Update: Gov. Andew Cuomo signs the Marriage Equality Act just hours after Senate’s passage. Story here.
Update: Complete coverage here.
ALBANY, N.Y. — In a historic late night vote — the last vote of the legislative session, after years of failed efforts to align votes in both Assembly and the Senate, and on the eve of New York City pride — the New York state Senate late Friday approved the Marriage Equality Act, granting same-sex couples the right to marry.
New York will become the sixth, and most populous U.S. state to-date, to allow gays and lesbians to wed — the bill passed by a vote 33-29.
Earlier in the evening, the state Assembly approved the amended version of bill, which included religious exemptions attached in the Senate.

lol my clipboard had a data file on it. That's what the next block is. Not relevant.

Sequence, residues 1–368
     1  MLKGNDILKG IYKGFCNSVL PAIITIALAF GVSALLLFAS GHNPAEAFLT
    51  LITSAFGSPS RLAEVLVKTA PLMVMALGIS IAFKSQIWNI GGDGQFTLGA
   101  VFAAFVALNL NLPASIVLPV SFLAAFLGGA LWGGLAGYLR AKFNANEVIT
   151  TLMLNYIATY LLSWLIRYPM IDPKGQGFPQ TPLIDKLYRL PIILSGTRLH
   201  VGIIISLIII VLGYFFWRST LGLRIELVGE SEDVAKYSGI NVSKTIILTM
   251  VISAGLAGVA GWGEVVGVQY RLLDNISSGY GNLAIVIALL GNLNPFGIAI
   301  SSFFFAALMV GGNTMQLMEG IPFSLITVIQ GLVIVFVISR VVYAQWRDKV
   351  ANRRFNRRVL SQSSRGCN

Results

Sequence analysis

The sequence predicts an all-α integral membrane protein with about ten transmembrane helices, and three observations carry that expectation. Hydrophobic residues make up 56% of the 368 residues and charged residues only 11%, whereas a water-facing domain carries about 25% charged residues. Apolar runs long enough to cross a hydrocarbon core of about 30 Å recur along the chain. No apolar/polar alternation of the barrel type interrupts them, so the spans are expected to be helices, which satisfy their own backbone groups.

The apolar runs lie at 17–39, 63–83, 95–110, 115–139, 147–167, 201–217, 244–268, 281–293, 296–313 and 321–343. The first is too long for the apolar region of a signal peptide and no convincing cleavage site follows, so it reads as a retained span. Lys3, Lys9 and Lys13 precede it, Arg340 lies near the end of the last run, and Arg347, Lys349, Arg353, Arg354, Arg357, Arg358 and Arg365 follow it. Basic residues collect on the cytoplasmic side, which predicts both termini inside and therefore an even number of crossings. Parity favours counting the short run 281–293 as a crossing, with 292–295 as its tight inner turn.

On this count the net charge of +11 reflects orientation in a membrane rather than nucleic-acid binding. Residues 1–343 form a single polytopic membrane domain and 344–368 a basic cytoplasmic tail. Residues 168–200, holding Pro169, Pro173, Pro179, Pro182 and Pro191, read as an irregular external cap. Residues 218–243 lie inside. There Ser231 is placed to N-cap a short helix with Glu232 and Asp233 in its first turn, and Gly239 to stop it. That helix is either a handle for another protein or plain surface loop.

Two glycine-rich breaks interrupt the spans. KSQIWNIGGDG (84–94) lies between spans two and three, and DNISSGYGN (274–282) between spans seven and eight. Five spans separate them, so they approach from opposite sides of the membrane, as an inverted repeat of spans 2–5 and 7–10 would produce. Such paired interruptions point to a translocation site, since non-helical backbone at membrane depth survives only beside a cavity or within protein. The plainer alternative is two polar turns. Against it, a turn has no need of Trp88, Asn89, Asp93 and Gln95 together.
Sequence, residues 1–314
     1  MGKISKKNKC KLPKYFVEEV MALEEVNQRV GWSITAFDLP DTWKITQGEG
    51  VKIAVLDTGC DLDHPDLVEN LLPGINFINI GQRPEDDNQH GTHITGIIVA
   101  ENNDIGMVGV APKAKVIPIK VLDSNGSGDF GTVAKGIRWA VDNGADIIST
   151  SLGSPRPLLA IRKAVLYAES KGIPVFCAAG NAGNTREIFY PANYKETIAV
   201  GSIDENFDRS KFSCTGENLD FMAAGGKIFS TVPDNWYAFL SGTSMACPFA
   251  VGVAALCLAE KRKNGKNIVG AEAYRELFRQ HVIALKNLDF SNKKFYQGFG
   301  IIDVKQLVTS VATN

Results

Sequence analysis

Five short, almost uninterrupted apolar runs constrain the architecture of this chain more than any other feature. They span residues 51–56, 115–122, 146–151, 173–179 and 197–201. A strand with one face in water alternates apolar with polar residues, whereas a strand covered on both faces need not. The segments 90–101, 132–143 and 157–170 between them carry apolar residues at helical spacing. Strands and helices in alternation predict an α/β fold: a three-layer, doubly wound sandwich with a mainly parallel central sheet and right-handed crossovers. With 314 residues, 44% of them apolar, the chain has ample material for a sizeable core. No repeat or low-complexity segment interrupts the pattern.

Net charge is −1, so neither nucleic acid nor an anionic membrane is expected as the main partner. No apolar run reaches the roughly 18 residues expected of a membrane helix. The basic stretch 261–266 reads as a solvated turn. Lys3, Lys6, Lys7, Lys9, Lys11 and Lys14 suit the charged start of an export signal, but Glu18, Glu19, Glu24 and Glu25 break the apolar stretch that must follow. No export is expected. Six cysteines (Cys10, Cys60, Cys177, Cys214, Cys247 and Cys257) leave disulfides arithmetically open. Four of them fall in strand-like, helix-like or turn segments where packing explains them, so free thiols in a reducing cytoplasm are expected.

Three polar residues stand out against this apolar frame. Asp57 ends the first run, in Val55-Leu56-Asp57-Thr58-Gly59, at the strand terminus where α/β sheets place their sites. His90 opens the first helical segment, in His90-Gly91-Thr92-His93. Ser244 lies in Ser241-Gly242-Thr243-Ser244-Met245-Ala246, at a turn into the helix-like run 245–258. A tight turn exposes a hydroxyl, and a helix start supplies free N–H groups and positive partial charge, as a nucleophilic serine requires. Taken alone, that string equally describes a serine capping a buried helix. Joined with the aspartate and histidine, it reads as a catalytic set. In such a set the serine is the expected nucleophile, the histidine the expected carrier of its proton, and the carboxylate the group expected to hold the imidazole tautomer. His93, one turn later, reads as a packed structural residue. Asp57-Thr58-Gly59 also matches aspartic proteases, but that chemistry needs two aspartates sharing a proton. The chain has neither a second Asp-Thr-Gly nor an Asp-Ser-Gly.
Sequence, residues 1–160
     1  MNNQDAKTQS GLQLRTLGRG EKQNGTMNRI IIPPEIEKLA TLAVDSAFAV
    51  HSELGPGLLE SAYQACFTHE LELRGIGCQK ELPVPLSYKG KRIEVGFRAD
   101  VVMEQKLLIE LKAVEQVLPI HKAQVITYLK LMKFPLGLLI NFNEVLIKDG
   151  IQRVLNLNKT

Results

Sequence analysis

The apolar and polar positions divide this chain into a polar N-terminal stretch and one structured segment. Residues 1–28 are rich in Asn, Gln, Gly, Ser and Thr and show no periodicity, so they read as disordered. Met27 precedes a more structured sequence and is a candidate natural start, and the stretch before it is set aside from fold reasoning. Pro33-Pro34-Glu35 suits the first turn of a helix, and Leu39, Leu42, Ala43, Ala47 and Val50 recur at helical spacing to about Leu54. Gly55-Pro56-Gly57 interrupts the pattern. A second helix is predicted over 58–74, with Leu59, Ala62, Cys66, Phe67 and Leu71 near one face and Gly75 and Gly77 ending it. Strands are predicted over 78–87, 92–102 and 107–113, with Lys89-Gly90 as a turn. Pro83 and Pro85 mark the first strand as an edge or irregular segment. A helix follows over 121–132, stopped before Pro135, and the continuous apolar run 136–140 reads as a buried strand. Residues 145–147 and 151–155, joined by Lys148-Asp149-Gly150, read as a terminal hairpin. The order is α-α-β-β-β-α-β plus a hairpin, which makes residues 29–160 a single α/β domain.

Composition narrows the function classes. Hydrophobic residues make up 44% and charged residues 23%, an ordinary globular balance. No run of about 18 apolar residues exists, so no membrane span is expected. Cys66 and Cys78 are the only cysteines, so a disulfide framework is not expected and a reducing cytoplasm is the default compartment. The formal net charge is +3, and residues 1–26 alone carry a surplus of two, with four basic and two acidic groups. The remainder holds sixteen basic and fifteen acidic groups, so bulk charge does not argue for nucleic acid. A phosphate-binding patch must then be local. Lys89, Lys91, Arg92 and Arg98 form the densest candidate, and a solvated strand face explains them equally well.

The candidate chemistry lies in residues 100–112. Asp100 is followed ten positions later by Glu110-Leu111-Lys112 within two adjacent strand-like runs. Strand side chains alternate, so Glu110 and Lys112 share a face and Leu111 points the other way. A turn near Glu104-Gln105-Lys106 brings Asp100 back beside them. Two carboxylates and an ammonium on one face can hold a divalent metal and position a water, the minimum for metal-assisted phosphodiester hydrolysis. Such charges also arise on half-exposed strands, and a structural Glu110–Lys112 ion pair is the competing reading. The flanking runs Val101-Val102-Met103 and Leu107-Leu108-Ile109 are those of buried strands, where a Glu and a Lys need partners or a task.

Gov. Andrew Cuomo, who championed the bill and listed marriage equality as among his top three legislative priorities for the year, signed the bill into law. Same-sex unions can begin in 30 days.
Following the vote, Cuomo called New York “a beacon of social justice.”
“New York’s a big deal,” said James Esseks,” the director of the ACLU’s LGBT Project. “And in terms of cultural relevance to the rest of the country, it’s huge.”
Esseks predicted New York would lead a procession of states in approving same-sex marriage, though with most state legislatures finished with or nearing the end of their annual sessions, significant movement is not likely until next year.
The Senate adjourned moments after announcing the bill’s passage.